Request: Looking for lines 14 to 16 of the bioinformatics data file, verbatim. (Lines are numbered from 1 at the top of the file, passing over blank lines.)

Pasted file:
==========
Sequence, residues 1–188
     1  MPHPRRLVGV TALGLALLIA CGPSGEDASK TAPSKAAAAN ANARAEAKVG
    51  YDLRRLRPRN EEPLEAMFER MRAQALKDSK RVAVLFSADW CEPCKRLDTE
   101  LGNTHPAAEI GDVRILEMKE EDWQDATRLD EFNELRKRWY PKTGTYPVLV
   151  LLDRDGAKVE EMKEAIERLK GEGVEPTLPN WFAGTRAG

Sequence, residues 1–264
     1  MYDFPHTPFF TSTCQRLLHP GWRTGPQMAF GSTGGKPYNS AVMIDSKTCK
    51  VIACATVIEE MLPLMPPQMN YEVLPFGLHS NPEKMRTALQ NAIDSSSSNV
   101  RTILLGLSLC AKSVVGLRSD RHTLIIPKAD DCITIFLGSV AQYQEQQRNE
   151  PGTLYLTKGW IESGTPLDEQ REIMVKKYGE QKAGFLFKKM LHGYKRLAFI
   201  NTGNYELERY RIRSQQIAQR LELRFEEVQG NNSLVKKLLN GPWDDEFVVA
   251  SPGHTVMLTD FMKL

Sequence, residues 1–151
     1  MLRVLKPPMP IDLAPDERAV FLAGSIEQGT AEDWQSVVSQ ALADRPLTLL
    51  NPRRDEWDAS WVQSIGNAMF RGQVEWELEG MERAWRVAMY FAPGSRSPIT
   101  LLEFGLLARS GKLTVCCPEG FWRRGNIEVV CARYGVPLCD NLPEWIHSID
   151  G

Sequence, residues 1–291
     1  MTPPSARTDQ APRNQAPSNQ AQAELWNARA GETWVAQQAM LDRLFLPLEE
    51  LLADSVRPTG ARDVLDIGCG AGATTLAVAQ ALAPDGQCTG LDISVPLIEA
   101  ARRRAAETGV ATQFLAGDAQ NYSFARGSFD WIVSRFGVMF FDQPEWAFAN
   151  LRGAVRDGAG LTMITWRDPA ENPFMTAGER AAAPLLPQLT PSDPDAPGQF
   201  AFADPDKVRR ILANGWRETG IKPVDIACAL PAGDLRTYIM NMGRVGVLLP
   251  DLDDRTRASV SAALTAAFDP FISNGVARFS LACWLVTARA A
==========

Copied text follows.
     1  MLRVLKPPMP IDLAPDERAV FLAGSIEQGT AEDWQSVVSQ ALADRPLTLL
    51  NPRRDEWDAS WVQSIGNAMF RGQVEWELEG MERAWRVAMY FAPGSRSPIT
   101  LLEFGLLARS GKLTVCCPEG FWRRGNIEVV CARYGVPLCD NLPEWIHSID